Hong Kong | Rail operator MTR denies fatality during protest chaos

Hong Kong’s subway operator denied that a fatality occurred when riot police stormed into a station in pursuit of pro-democracy protesters on one of the most violent days since protests began in the city more than three months ago.
MTR Corp., which runs Hong Kong’s mass-transit rail system, said in a statement yesterday that nobody died inside its Prince Edward station on the night of Aug. 31. That day saw protesters hurl petrol bombs and bricks at police officers, before setting fire to a massive roadblock in the city center.
There has since been widespread speculation among many involved in the historic protest movement that somebody was killed in the chaos as police aggressively pursued protesters in the crowded station, swinging batons, tackling people to the ground and using pepper spray. Injured people were seen being taken out of the station on stretchers, fueling the rumors.
People subsequently turned the station entrance into a memorial, piling up white flowers and signs with slogans like “black cops” and “blood for blood.” The station became the focus of several days of sometimes rowdy demonstrations.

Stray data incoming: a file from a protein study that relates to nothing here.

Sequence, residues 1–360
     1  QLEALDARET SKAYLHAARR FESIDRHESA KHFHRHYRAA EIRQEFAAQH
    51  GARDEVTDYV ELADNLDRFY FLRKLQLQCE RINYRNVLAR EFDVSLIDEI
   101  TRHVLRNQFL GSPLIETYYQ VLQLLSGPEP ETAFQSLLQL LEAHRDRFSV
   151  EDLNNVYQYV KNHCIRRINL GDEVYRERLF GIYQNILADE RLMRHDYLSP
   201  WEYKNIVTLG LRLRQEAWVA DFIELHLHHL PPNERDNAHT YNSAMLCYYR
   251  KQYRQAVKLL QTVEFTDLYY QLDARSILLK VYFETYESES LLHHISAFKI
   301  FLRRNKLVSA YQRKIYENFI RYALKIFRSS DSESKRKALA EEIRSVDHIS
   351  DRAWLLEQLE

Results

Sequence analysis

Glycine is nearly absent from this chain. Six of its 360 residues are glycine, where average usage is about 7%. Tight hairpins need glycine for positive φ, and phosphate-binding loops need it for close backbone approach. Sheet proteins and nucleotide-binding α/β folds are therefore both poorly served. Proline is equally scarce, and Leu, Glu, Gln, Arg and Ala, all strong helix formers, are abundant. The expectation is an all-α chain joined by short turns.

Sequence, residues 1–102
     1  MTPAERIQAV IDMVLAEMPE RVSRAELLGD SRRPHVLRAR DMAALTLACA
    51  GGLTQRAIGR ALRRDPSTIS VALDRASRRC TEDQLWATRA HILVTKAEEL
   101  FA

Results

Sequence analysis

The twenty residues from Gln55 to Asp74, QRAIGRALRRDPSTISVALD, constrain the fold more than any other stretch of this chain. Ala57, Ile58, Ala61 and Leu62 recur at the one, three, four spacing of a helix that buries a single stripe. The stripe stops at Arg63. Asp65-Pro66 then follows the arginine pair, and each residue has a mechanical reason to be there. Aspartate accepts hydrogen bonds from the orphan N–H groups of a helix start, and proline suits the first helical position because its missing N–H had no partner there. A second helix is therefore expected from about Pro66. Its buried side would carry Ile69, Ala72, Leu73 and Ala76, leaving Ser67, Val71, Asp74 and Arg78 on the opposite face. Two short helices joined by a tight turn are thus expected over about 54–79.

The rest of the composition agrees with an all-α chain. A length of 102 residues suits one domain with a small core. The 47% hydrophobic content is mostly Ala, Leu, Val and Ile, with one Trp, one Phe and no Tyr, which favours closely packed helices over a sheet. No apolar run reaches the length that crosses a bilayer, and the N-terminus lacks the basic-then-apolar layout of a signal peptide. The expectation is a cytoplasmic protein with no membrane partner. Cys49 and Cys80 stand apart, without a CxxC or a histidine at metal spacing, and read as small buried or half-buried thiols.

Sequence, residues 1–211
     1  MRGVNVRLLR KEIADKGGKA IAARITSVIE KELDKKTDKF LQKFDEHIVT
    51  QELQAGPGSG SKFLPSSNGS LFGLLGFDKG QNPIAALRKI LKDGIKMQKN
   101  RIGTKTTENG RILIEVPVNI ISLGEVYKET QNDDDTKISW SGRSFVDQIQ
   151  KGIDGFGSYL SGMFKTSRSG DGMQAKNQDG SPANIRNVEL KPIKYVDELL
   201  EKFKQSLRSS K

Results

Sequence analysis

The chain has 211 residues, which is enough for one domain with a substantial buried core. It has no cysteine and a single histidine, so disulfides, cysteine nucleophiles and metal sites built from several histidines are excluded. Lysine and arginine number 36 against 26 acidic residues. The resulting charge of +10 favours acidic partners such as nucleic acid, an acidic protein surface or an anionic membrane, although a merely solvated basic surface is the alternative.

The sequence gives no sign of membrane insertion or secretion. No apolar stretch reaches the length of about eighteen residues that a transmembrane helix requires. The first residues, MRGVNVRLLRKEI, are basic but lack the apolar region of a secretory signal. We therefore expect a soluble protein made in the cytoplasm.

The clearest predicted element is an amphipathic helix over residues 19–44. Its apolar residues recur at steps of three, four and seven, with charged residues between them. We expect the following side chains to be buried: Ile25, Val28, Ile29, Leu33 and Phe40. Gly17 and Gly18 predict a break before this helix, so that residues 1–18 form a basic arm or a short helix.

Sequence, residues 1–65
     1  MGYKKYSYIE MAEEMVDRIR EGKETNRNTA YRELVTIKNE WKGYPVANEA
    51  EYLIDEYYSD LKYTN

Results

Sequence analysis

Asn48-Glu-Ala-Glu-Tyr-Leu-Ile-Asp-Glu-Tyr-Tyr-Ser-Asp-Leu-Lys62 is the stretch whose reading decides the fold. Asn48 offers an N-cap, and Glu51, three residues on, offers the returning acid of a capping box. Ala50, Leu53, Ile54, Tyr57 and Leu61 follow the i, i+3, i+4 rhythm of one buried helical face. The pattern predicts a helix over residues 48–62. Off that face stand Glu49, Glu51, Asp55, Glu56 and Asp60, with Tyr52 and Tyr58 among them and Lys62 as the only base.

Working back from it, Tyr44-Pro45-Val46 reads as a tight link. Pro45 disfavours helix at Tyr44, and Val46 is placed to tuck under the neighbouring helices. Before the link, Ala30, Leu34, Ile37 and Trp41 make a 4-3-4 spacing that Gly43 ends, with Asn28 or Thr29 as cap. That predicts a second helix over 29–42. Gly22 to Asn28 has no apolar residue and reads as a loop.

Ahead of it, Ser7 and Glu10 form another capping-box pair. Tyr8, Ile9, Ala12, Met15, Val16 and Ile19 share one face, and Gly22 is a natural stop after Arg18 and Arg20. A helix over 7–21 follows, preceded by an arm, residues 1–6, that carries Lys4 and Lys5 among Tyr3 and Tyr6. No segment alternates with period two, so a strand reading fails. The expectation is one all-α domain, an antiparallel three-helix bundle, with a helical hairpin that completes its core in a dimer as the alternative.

“With regards to claims that there was a fatality at Prince Edward Station, there was no death report that day according to the station’s record,” the company said, adding that it “understands the public’s concerns about the incident at Prince Edward Station.” It released time-stamped, closed-circuit TV images of emergency services personnel bringing seven injured people out of the station on stretchers starting shortly after 1:30 a.m.
Hong Kong’s police “strongly condemn people who maliciously spread the death rumors,” the force’s senior superintendent, Yolanda Yu, said during a joint briefing with MTR and the local fire department.
Protesters have accused the rail operator of collaborating with police – who have fired tear gas inside MTR facilities – by closing stations and slowing train service during or after tense clashes between police and demonstrators.
The police force has said protesters inside the station that night “assaulted members of the public” and damaged property. “Upon receiving reports, Police entered the MTR stations to stop all violent acts and arrest offenders,” it said in a previous statement Aug. 31. MDT/Bloomberg

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